The United States armed forces remain in Iraq 16-years after the initiation of combat by the United States (and the so-called 'Coalition of the Willing', a cosmetic facade of an alliance) against the regime of Saddam Hussein. President George W. Bush said the war was necessary, because Iraq had weapons of mass destruction and it sought to share them with Al Qaeda.
Hussein never had those weapons of mass destruction, nor was he a friend of Sunni terrorists, however, none of these facts matter now, especially after thousands of troop deaths and possibly millions of Iraqi civilian casualties.
For many Iraqis, American freedom would arrive in the shape of a J-dam or an inexpensive burial. The Iraq War will remain one of America's largest foreign policy disasters of all time.
The current indefinite deployment of American troops is a far cry from the original expectations that were set forth by former Defense Secretary Donald Rumsfeld, who said 17 years ago that a preemptive war with Iraq would take “five days or five weeks or five months”.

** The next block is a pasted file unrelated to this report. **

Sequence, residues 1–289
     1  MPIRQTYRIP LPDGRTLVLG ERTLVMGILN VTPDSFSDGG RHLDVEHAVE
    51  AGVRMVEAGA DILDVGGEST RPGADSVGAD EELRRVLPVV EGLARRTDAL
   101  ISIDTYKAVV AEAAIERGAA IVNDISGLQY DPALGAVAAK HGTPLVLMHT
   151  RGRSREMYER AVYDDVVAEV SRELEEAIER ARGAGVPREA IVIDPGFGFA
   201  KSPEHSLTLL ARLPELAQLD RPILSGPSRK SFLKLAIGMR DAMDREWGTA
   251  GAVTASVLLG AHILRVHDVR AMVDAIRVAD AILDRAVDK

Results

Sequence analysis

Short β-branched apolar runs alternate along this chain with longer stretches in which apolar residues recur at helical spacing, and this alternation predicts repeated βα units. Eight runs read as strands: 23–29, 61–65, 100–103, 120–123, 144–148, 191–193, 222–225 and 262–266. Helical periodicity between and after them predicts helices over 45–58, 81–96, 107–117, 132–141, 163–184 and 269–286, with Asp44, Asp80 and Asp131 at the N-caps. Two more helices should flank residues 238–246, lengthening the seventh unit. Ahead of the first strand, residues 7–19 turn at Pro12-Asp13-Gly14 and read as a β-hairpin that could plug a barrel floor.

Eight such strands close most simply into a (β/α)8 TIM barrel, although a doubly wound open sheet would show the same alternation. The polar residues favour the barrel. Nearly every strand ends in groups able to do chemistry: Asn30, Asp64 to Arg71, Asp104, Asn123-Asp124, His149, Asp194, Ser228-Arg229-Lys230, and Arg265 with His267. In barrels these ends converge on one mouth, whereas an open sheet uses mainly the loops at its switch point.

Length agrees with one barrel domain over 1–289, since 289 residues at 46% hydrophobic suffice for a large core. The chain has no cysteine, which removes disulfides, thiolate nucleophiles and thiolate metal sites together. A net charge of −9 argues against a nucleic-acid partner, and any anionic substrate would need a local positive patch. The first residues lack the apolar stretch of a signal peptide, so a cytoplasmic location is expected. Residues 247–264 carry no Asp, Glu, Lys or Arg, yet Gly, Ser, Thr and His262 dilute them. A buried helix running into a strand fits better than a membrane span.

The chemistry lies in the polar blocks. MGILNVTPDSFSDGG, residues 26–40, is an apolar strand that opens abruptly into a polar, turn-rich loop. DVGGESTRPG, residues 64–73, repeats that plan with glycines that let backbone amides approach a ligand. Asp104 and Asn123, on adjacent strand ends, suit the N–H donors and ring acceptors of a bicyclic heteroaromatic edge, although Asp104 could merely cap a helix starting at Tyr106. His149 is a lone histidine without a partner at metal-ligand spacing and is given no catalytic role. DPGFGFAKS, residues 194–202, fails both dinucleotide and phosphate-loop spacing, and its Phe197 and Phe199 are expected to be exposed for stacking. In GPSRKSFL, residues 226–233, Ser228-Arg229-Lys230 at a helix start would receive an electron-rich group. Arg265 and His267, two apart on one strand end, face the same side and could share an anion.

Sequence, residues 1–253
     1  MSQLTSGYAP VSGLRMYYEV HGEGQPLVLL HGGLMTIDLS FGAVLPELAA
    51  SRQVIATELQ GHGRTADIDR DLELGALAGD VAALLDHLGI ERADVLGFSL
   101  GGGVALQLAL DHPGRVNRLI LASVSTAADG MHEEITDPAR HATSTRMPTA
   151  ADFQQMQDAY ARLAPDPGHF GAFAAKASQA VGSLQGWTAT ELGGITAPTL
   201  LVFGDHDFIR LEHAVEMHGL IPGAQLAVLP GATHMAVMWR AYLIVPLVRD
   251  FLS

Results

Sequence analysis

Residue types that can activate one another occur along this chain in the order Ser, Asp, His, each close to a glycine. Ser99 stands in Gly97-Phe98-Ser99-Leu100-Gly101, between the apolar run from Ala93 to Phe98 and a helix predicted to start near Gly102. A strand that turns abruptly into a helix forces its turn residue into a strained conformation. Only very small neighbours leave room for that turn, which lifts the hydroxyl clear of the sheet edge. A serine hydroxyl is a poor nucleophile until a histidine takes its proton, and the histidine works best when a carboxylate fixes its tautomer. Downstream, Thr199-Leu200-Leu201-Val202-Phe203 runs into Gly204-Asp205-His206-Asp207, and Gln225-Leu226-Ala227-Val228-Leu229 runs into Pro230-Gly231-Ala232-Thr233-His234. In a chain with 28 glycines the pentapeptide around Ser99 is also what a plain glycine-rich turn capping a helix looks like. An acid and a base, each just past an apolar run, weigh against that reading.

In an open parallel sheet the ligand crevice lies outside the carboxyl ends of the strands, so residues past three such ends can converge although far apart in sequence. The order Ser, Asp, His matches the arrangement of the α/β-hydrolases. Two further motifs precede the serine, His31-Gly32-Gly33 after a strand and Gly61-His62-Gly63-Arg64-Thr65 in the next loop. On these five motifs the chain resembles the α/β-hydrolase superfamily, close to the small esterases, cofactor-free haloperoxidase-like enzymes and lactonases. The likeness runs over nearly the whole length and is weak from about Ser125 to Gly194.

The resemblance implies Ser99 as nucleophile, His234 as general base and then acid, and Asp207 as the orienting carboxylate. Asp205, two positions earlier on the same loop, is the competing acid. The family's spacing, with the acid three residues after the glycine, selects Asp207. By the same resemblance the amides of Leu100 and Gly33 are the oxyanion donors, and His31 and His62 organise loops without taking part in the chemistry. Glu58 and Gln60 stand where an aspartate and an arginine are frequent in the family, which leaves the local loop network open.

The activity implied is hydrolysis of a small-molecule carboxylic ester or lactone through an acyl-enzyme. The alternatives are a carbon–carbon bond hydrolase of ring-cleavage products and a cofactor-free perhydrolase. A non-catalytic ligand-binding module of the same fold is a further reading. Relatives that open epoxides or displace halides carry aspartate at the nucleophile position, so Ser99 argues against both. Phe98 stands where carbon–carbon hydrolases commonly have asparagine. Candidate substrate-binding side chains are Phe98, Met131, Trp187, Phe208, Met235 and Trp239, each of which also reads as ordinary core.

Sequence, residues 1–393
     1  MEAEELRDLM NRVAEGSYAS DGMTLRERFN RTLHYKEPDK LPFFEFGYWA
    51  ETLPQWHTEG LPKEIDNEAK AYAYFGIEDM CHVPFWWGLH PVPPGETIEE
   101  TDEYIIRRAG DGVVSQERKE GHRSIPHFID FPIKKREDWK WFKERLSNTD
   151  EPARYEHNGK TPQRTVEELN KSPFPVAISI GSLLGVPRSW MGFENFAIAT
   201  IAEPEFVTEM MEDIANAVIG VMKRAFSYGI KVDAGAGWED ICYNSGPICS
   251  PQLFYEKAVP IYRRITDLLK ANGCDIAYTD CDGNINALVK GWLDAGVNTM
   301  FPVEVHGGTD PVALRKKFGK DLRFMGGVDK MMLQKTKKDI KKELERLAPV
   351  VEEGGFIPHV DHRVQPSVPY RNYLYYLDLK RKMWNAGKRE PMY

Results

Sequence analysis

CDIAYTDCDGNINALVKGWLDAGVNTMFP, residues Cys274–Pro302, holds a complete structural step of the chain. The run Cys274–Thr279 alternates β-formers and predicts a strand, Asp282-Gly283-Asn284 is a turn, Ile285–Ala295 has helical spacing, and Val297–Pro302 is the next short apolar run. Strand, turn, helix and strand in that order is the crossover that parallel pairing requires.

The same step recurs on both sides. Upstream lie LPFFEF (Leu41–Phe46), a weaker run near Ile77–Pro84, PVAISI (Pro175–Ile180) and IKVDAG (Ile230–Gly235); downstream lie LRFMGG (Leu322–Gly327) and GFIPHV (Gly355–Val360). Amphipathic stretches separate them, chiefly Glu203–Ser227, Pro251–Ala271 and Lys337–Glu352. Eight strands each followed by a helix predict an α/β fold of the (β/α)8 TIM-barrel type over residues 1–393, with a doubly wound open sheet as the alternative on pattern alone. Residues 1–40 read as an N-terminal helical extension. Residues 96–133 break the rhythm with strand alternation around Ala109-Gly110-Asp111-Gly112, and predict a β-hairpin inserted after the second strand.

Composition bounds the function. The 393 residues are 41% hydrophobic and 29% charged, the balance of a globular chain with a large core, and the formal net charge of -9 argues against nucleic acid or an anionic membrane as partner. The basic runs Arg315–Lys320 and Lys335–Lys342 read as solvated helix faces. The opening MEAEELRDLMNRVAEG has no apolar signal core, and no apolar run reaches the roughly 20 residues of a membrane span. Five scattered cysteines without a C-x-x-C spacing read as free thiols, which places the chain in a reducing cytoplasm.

A November 2002 report by ABC News found Rumsfeld insisting that concerns the war would become a quagmire were unfounded:
"The idea that it's going to be a long, long, long battle of some kind I think is belied by the fact of what happened in 1990," he said on an Infinity Radio call-in program.
He said the U.S. military is stronger than it was during the Persian Gulf War, while Iraq's armed forces are weaker.
Rumsfeld was wrong. It is 2019, and the U.S. military is still there.